The congressman representing Nye and Esmeralda counties in the U.S. House of Representatives visited detention facilities this week as outrage continued over the Trump administration’s “zero-tolerance” immigration enforcement that’s separated children from their parents at the U.S.-Mexico border.
“Visiting these detention facilities today and seeing innocent kids separated from their parents has truly been heartbreaking and emotionally draining,” U.S. Rep. Ruben Kihuen, D-Nevada, said in Twitter message accompanied by photos.
“We were not allowed to snap photos of the children/parents, so I took these from outside the refugee center and detention facilities,” he said on Monday.
On Wednesday, President Donald Trump signed an executive order, temporarily halting family separations at the U.S.-Mexico border.
Congressman: ‘humanitarian issue’
Kihuen spoke at a news conference at the San Diego border where he had called on Trump “to rescind his inhumane and cruel family separation policy.
“This is not a Republican or Democratic issue,” Kihuen said Monday. “This is a humanitarian issue. We must do everything to #KeepFamiliesTogether!”
He said that Trump and Homeland Security Secretary Kirstjen Nielsen “should be ashamed for holding children hostage and using them as bargaining chips.”
“America is better than this,” Kihuen said.
In a separate tweet on June 18, Kihuen said he was “on the way to the San Diego border to get a firsthand view of the children’s detention facilities in the region and to demand that” Trump “end his cruel, inhumane and un-American policies that have already torn 2,000 children apart from their parents!”
The following day, Kihuen visited the U.S.-Mexico border close to where he said he and his family had crossed 30 years earlier.
“Can’t imagine that day when we crossed, at 8 years old, being separated from my parents in a country I didn’t know,” Kihuen wrote. “Ripping children and parents apart is cruel, inhumane and goes against American values.”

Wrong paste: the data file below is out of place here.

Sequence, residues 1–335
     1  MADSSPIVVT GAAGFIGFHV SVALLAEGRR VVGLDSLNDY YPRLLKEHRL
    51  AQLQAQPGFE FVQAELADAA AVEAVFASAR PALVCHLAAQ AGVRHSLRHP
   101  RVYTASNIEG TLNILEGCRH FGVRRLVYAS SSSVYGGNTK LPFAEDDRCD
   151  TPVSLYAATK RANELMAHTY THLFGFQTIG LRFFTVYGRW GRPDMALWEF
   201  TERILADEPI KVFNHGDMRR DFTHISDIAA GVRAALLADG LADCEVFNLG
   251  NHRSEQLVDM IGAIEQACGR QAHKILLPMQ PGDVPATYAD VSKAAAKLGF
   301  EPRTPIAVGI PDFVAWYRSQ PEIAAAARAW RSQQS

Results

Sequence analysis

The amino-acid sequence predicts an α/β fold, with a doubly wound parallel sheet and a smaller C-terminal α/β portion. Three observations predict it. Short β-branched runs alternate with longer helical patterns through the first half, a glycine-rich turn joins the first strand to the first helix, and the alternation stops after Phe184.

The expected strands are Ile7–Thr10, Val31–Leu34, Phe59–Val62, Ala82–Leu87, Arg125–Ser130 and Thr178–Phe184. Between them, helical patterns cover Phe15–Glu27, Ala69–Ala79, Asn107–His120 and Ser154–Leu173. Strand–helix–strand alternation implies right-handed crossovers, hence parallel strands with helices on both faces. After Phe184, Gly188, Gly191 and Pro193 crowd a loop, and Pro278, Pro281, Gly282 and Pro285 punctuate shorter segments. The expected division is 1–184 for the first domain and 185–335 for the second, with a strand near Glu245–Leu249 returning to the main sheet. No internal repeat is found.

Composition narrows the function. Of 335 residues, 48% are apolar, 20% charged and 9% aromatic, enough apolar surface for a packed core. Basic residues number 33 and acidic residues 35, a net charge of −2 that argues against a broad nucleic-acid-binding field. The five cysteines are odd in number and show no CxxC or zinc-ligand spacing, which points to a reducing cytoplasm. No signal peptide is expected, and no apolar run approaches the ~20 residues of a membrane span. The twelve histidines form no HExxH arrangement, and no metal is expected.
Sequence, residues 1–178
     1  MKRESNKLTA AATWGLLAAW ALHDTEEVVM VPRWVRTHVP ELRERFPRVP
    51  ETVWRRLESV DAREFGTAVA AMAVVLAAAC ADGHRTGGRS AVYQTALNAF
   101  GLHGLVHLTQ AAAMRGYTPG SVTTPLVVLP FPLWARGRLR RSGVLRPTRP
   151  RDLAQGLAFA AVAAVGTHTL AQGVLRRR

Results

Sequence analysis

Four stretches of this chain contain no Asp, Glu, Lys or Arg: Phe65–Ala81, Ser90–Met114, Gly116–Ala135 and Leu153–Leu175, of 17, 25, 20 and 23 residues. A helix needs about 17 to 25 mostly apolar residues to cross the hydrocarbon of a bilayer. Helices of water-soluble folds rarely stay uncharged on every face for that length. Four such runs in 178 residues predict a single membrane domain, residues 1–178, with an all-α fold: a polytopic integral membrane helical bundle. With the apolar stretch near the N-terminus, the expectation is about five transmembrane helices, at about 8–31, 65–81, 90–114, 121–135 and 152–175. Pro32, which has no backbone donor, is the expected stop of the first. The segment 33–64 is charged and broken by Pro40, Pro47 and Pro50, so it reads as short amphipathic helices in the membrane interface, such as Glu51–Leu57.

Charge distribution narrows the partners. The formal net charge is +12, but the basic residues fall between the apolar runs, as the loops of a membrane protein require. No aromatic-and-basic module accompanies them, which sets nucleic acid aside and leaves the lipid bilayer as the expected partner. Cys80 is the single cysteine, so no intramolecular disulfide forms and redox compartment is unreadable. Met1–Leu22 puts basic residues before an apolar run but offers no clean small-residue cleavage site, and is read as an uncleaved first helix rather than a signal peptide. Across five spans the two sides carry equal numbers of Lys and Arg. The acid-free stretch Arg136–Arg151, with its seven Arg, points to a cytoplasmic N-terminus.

Earlier in the week, both U.S. Sen. Catherine Cortez Masto, D-Nevada, and U.S. Sen. Dean Heller, R-Nevada, called for action.
In a letter, Heller joined 11 other Republican senators in urging Attorney General Jeff Sessions to stop separating families.
Cortez Masto, in the forefront starting more than a week ago, called the “zero-tolerance” policy “heinous and barbaric” and “an affront on the heart and soul of our nation.”
Trump reverses course
As of Tuesday, Trump had shown no signs of backing down.
“Under current law, we have only two policy options to respond to this massive crisis,” he said in remarks reported by ABC News. “We can either release all illegal immigrant families (of) minors who show up at the border from Central America or we can arrest the adults for the federal crime of illegal entry.
“Those are the only two options, totally open borders for criminal prosecution for lawbreaking. And you want to be able to do that if we don’t want people pouring into our country. We want them to come in through the process, through the legal system, and we want ultimately a merit-based system where people come in based on merit.”
Later in his remarks, ABC reported, Trump said that he wants the U.S. to be a “country with heart” but that the only option is to stop people from entering the country in the first place.
“I don’t want judges, I want border security. I don’t want to try people. I don’t want people coming in. If a person comes in and puts one foot on our ground, is essentially welcome to America, welcome to our country, and you never get them out,” Trump said.
On Wednesday, as outrage surfaced around the USA, Trump signed the executive order.
“So we’re going to have strong — very strong borders, but we’re going to keep the families together,” he said.
“I didn’t like the sight or the feeling of families being separated,” the president said.
Trump was asked if he was backing down.
“No, no, the border is just as tough, but we do want to keep families together,” he said.
At a glance
Ruben Kihuen, who was born in Mexico and immigrated to the United States with his parents when he was 8, said that for a time, he was living in the U.S. on an expired visa. He is now a naturalized citizen.
Source: Las Vegas Review-Journal